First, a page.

non ad Interne c[i]onem Lastlye Christs iudges noe man, ad internec[i]onem, he iudges noe man soe in this world, as to giue a finall condemnac[i]on vppon him here there is noe erro[u]r in any of his Iudgmts: but there is an appeale from all his Iudgmts in this world there is a verdicte against everye man, everye man maye fynd his case recorded, and his Sinne condemned in the Lawe, and in the Prophets there is a verdicte: but before iudgment, god would haue every man Sav’d by his booke, by the appr[e]henc[i]on and applicac[i]on of the gracous p[ro]mises of the ghospell to his case, and his conscience. Christ iudges no man Soe, as that he should see noe remedye, but to curse god, and dye,: not soe, as that he should saie, his Sinnes were greater then god could Iohn 3: 17: forgiue: for, God sent not his Sonne into the world, to condemne the worlde, but that the world through him might be saued

Doe not thou then give malic[i]ous evidence against thy selfe doe not weaken the merritt, nor lessen ye value of the blood, of thy Savio[u]r, as though thy Sinne were greater then it is, doth god desire thy blood nowe, when he hath abu[n]dantlye Satisfyed his Iustice with the blood of his Sonne, for thee! what hast thou done! hast thou come hipocritticallye to this place, vpon cellaterall reasons, and not vpo[n] the direct Service of God? not for love of informac[i]on, or reformac[i]on Iohn 12: 47: of thy selfe! If that be thy case, yet*, if a man heare my word, saies Christ: and beleeue it not, Iudge him not. he hath one that iudgeth him, saies Christ and whoe is that! The word that I have spoken, the same shall iudge him; It shall, but when! It shall iudge him Saies Christ at the last daye: for till the last daie, the daye of his death, noe man is past recoverye, noe mans Salvac[i]on is impossible. Hast though gone further then this! hast thou admitted scruples of diffidence, and distrust in Gods mercye, and Soe tasted of the lees of desparac[i]on, Isidore It is true, perpetrare flagitiu[m] est mors animæ, Sed desperare est descensus ad inferos, in everye Sinne the Soule dyes, but in desperac[i]on Math: 16: 18 it descends into hell; but yet Portæ inferi non prevalebunt, euen the gates of this Hell shall not preuaile against thee. Assist thy selfe, argue thine owne case desperac[i]on it selfe, maye be wthout infidelitie. disp[er]ac[i]on as well as Hope, is rooted in the desire of happines. disperac[i]on p[ro]ceeds out of a Feare of god, and a horro[u]r of Sinne. disperac[i]on maye consist wth faith thus farre, that a man maye haue a true, & faith full opynion in the gen[er]all, that there is remission of Synne to be had in the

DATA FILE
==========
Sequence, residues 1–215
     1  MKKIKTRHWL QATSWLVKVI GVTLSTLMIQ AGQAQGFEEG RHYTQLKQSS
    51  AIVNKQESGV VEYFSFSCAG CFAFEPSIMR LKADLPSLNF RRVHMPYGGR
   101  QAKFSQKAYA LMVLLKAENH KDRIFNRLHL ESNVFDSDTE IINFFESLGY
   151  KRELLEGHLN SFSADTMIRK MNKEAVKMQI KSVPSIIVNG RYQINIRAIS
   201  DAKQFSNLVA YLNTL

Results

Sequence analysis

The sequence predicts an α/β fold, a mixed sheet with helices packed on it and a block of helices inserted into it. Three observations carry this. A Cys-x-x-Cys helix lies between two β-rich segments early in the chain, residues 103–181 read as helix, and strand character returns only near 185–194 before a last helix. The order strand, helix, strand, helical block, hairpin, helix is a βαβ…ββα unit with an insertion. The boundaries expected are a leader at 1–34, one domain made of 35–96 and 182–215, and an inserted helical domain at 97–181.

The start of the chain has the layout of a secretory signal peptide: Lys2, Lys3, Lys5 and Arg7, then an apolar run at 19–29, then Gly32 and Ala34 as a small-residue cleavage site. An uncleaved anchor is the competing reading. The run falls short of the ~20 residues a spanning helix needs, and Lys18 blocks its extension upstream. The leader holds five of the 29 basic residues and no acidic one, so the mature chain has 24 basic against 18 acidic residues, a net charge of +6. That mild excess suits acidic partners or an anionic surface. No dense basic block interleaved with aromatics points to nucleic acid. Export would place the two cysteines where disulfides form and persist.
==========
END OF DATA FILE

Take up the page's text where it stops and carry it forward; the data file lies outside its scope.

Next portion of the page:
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Church, and yet haue a corrupt imaginac[i]on in the p[ar]ticuler, that to him, in this Sinnefull State, that he is in, this remission of Sinnes shall not be applyed. Soe that the resoluc[i]on of the Schoole is good despæratio potest esse ex sole excessu boni, desperac[i]on maye p[ro]ceed from an excesse of that wch is good in it selfe; from an excessive over fearing of gods iustice, from an excessive overhating thine owne sinnes et virtute quis male vtitur! can any man make Soe ill vse, of soe greate vertues, as the feare of god, and the hate of Synne? yes, they maye. Soe forward a weed is Sinne, as that it can spring out of any roote and therefore if it have done Soe in thee, and thou thereby have made thy case the harder, yet knowe still, that obiectu[m] spei est, ardu[u]n et possibile, the true obiect of hope is that wch is hard to come by, but yet possible to come by. And therefore as Dauid said, by my god haue I leap’d ouer a wall, Soe, 2: Sam: 22: 30 by thy God thou maist breake through a wall, through this wall of obdurac[i]on, wch thou thy selfe, hast begunn to build about thy selfe. feath[e]r thy winges againe, wch even the flames of hell haue touch’d in these beginnings of desperation, Feather them again wth this Text, neminem iudicat Christ iudges noe man Soe, as a desperate man iudges himslfe. doe not make thy selfe beleeue that thou hast Synn’d against the holye Ghosts: for this is the neerest stepp that thou hast made to it, to thinke that thou hast done it walke in that feild of the Scriptures of god: & from the first flower att thy entrance, the flower of Paradise, semen mulieris, the generall p[ro]mise, that the Seed of the woman should breake the Serpents head, to the last word of that Messias vpon the Crosse, consumatum est, that all that was p[ro]mised for vs, is nowe p[er]formed, and from the First, to the last, thou shalt finde the Savo[u]r of liffe vnto liffe, in all these flowers. walke over the Same allye againe, and consider ye first man Adam, in the beginning, whoe involv’d thee in originall Sinne; and the theife vpon the Crosse, whoe had continued in actuall sinnes all his liffe, and seal’d all wth the Sinne of reviling Christ himselfe, a litle before his exp..irac[i]on, and yet recovered Paradise, & Paradise that daye, and see if thou canst make any shifte to exclude thy selfe, Receiue the fragrancy of all theis Cordialls, viuit dominus, as the Lord liveth, I would not the death of a Sin[n]er, quandocunq[ue], at what tyme soever a Sinner repenteth, and of this Text, neminem iudicat, Christ iudgeth noe man to destrucc[i]on here, and if thou fynd after all theis Andidotes, a Suspicous ayre, a Suspicious working in that impossibile est, that it is heb: 6: 4: impossible for them, who were once enlightned, if they fall awaye, againe to renewe them againe by repentance, Sprinckle vpon that Wormewood of impossibile est, that Manna of quoru[m] remiseritis, whose Sinnes yee remitt, are remitted, and then it will haue another tast to thee, & thou wilt see that that impossiblitye lyes onelye vpon them, whoe are vtterly falne awaye into an absolute apostacye, and infidelitye, that make a mocke of Christ and crucifye him againe, as it is expressed there, whoe vndervalue, and dispite the Church of God, and thos meanes wch Christ Iesus hath instituted in his Church for renewing Such as are fallen. To such it is impossible because there are noe other ordinarye meanes possible.